I grew up as an Army brat and was always around soldiers and military bases. We played with toy guns and ran around concocting make believe war games using strategies and tactics we got from GI Joe comics. And many times we gathered up our little green Army men and laid out battles on the dirt in the playground. You weren’t much of a kid back then without a sack of little green Army men. Those realistic plastic soldiers were a big part of my youth.
Medical scanning devices were also a big part of my youth. I first encountered them when I had thyroid problems that eventually became thyroid cancer. By the time I was 19 I had been scanned by every conceivable machine, even experimental contraptions that were Rube Goldberg in their conception, and I took it all obediently, if not bravely. But the doctors had a strategy and the machines were the tactics used to diagnose and treat me. As you know, I survived.
Even so, I still do not have a fondness for MRI machines. I find them to be a bit noisy, disorienting, and… claustrophobic. I had many scans done last summer when I was sick and found out the best way to have a scan is to be unconscious! But my neurologist insisted I needed a follow-up to see how my brain was healing and I couldn’t really argue. Unfortunately, I was not going to be blissfully comatose this time and I was wracked with fear and trepidation, to the point of calling to see if I could get an RX for Ativan or Xanax to knock the edge off. I never heard back and decided to suck it up and just do it.
Fears are largely irrational – most spiders and snakes are harmless, but nearly everybody runs screaming from them both. Your odds of getting struck by lightning are nearly 1 in a million, but most of us don’t care for giant electric bolts arcing from the sky. The odds of dying in an MRI machine are almost non-existent (it has happened…) so what’s to be afraid of? Nonetheless, I called and got myself scheduled for the biggest machine my hospital had, a Big Bore Siemens, with a 28” opening designed for patients up to 550 lbs. Since I’m 225 lbs. wet, I felt good about it.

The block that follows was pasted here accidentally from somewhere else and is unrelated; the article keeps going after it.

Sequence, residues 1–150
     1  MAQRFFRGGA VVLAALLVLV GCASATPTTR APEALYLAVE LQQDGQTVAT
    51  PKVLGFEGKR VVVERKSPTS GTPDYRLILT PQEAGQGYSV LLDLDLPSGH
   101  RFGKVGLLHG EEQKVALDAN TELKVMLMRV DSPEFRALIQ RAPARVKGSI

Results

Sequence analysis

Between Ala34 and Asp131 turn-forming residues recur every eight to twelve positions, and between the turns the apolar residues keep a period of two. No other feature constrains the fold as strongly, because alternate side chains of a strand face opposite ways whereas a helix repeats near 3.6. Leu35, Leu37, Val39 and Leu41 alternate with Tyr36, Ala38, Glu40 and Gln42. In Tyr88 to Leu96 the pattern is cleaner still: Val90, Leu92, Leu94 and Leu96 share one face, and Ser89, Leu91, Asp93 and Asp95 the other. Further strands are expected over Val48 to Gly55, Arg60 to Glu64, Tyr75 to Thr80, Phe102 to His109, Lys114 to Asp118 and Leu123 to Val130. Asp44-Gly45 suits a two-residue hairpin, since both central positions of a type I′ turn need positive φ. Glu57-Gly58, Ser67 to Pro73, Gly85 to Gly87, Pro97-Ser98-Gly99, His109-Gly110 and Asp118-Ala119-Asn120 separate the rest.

The day came and I showed up with false bravado for my MRI reckoning. And I did what I always have done, since my youth, I prayed and meditated and thought about stuff. Important stuff. And that is the point of this whole missive – what I learned during my MRI. And whether you believe in God or not, or believe He cares enough to speak to you personally, this is what I got out of the experience.
Survive, Thrive and Be Alive.
It occurred to me that I survived a genuine life-threatening situation. I have had other medical problems that could have killed me, but nothing like this. It was sudden and horrific and nearly devastating. The doctors did not know what was wrong with me but, through heroic efforts, professional care, modern medical technology (a shout out to Big Pharm!) and the thoughts and prayers of thousands of people I survived. I was alive. I could not move my legs or sit up in bed, had double vision, could barely speak and could not write. But I had survived. And that was the strategy of the medical team – keep me alive using all the tactics in the playbook, and then figure out what to do with the patient after the smoke of battle cleared. Without surviving there is nothing so that is Step One:
Faced with the post-encephalitic situation I found myself in, it was time to move forward. The strategy for traumatic brain injury patients is simple – establish cognition, regain mobility, and master the activities of daily living (ADLs). The tactics the little green soldiers had available were the OTs, PTs and SLPs of the rehabilitative hospital. I soon found myself there and after a near-miraculous three weeks of therapy I could think straight, I was mobile, and I had the ADLs mastered. I was, after a bleak few weeks in the hospital trying to survive, now thriving. And that is Step Two: